I made a model and used a single vertex that was fixed because it would solve relatively quickly. In that model, if I wanted to induce a "potato chip" deformation, I would use a two step solution, and in step 1, I would put a small force on the ends of the sheet to bow it slightly. This can ramp up as the temperature ramps up. Then in Step 2, the force is ramped down to zero. It might turn out that the sheet remains bowed.

You can create a model where there is a larger surface, let's call it the floor, that is in the same plane as the sheet body that gets the thermal load. The floor would be configured as a Rigid body.  You need a Fixed Joint to Ground to hold the floor. You then create a frictional contact between the sheet and the floor. The floor has to be the Target side of the contact pair.  You add Standard Earth Gravity to hold the sheet to the floor. The frictional contact will greatly slow down the solution progress.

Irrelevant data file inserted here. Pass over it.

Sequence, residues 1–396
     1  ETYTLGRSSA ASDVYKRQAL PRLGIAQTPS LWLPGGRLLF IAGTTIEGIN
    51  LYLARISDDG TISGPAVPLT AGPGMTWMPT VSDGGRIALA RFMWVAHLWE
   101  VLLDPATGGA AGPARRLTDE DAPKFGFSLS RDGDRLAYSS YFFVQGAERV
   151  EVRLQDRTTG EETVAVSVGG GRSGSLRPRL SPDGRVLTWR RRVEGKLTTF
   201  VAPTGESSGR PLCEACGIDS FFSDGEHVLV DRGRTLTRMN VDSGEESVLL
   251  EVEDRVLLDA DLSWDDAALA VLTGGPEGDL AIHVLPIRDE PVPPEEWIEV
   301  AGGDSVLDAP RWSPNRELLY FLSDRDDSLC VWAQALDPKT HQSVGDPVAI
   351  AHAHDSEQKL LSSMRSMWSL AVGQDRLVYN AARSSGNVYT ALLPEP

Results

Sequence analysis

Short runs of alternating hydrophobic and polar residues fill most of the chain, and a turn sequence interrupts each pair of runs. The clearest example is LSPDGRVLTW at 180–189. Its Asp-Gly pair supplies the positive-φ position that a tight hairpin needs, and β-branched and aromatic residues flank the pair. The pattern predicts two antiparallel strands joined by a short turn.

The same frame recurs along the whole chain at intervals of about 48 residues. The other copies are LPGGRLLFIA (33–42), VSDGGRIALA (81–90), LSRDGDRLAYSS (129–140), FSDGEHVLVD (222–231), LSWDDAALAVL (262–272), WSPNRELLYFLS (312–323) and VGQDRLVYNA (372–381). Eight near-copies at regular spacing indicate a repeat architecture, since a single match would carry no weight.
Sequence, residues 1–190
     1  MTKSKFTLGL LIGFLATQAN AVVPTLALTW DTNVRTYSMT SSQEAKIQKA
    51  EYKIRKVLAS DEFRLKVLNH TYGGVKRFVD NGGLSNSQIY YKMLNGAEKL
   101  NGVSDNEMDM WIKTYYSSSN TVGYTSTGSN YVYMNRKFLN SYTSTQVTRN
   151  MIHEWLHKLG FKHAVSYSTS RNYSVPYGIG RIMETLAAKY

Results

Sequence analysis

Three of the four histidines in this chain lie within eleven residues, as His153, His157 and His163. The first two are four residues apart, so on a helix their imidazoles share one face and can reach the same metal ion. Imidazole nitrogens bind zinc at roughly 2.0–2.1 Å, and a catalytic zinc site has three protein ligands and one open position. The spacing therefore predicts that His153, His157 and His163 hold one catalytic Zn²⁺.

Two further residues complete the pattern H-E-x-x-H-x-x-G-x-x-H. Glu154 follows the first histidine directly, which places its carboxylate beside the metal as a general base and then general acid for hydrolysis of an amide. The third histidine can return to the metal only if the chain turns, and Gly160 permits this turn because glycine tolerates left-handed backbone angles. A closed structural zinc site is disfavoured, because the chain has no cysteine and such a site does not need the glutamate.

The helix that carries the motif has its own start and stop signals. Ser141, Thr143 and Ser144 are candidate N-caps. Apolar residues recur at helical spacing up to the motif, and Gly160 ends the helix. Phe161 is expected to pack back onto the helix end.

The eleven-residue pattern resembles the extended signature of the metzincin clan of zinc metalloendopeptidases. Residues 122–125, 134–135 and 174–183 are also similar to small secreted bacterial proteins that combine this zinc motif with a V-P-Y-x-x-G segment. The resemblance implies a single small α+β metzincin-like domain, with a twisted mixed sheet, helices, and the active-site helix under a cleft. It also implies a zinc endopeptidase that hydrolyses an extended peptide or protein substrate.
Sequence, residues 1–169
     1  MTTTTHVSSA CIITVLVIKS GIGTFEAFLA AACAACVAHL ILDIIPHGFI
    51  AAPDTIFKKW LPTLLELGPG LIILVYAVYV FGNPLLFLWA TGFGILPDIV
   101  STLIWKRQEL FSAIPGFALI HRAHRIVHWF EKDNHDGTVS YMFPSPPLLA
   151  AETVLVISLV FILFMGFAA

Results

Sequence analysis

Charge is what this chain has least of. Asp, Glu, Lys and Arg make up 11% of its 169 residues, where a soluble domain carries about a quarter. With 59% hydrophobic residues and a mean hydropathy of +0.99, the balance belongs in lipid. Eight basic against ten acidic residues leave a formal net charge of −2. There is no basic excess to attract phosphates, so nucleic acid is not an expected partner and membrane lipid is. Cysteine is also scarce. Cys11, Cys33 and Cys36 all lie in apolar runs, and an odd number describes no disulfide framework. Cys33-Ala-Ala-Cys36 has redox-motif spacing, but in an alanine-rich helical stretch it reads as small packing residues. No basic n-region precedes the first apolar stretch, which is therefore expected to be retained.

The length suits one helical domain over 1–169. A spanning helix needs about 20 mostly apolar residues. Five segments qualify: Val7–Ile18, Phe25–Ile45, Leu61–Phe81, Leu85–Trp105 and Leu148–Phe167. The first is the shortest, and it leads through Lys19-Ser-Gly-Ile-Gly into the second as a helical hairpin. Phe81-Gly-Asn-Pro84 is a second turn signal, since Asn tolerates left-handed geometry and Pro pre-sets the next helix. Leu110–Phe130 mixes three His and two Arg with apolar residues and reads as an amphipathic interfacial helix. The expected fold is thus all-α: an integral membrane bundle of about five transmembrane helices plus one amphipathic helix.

If you further want to put a heating pad on top of the sheetmetal, that slows the whole process down even further. There will be a lot of struggle to obtain convergence.

Some of that can be alleviated if you do a 1/4 model, and enforce a symmetric deformed shape.